Longview church garden provides produce for the needy
By Angela Ward firstname.lastname@example.org
July 11, 2013 at 10 p.m.
At the community garden run by First Baptist Church of Longview, it's not a case of "the harvest is plentiful, but the workers are few."
Instead, the garden has been blessed by both bountiful harvests and a bevy of willing workers, organizer Meloney Ferguson said.
"We bring the produce to people in our church who are sick, elderly or homebound," Ferguson said. "We also make it available to anyone in the community who is in need and wants to come pick some fresh fruits and vegetables for their family."
Able-bodied people who come to the garden to harvest produce for their own households are asked to help out by picking more than they need and leaving it to be delivered to those who are not physically able to come to the garden, she said.
"It can be expensive to eat healthily and we want people who may be experiencing economic hardship to know this resource is available," Ferguson said. "We planted it to share."
There is no charge for the produce, but people do need to call the church and arrange a time to come to the fenced garden when it is open.
Ferguson said she and her husband, Larry, got the idea of a community garden from Willow Meadows Baptist Church in Houston, which had such a project when their son served there as associate pastor. They began the local garden about five years ago.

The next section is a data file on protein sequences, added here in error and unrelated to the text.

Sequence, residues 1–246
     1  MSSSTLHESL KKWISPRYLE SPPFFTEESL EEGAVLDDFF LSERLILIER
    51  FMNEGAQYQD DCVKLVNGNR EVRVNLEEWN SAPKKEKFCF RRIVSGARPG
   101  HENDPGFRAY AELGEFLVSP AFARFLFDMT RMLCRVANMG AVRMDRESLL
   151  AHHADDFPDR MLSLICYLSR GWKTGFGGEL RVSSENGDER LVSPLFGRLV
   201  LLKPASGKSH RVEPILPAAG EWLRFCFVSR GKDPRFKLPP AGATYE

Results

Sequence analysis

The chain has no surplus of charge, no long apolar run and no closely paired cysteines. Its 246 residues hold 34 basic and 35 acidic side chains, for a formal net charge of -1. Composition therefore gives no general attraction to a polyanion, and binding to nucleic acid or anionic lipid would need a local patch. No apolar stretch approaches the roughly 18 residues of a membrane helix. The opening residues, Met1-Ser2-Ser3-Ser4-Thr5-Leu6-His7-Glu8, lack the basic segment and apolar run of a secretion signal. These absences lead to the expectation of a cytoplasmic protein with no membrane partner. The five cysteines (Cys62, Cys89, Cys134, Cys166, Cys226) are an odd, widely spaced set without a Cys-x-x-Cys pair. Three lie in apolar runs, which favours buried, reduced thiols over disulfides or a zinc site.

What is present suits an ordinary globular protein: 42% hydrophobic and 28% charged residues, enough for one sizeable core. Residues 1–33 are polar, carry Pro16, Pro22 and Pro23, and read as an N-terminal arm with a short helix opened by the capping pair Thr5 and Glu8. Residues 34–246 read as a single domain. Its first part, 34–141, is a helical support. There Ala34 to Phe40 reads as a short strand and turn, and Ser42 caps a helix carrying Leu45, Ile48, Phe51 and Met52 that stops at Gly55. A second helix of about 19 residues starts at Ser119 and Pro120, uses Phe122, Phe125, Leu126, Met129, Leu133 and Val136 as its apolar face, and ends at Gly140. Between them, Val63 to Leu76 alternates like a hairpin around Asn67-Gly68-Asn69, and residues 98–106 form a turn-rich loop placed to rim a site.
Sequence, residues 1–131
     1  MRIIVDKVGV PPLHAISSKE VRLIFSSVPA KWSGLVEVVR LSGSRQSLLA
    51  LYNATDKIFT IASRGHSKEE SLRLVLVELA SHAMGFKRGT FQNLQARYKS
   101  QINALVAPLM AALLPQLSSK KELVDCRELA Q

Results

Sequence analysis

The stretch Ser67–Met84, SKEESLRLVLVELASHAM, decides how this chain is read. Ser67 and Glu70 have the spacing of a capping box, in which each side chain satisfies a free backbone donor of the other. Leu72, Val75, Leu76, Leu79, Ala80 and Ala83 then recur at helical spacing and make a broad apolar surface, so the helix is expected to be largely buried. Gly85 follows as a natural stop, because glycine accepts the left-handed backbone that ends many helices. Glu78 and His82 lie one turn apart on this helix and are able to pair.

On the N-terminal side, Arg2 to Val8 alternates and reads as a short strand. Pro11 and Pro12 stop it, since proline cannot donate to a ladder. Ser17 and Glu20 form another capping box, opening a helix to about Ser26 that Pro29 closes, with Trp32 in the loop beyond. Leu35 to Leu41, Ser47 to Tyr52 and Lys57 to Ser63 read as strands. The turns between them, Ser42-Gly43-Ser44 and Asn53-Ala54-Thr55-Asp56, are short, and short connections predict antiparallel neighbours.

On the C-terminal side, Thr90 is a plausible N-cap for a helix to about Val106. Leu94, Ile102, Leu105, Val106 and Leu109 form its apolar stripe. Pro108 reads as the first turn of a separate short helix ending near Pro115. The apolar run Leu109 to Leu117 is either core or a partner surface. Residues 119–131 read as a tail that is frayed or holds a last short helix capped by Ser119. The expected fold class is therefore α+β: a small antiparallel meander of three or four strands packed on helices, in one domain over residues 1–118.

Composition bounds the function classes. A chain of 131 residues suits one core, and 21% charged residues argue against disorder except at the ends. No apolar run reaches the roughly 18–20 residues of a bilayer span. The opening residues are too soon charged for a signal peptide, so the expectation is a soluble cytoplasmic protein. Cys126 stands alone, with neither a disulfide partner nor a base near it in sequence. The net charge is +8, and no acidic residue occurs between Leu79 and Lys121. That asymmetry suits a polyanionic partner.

"It's grown amazingly well," Ferguson said. "People like to help, but we can always use more workers."
The garden contains asparagus, squash, green beans, cucumbers, tomatoes, bell peppers, jalapenos, peas, potatoes, okra, corn and blackberries. There are also fruit trees for figs, plums, peaches, pears and apples. Recently, workers constructed a grape arbor in memory of longtime church pianist Judy Owens, who died a couple of years ago.
While the people who work in the garden see it as a way to serve the Lord by feeding the hungry, all who were helping out on Thursday morning also said they enjoy being outside in the fresh air with their fellow church members.
Nell Collins, who served as the church's secretary for more than 30 years until her retirement in 2008, said working in the garden gives her a chance to spend time communing with nature and communicating with old friends.
"You're doing something for somebody else, which is always good, but I also just enjoy being out in the sun and digging in the dirt," Collins said.
Glen Brown, a deacon at the church, said that as far as he is aware theirs is the only community garden in Longview.
Church members are constantly trying to improve the garden, Brown said. In the past couple of years they've expanded it and fenced it in and now they're working on installing a sprinkler system.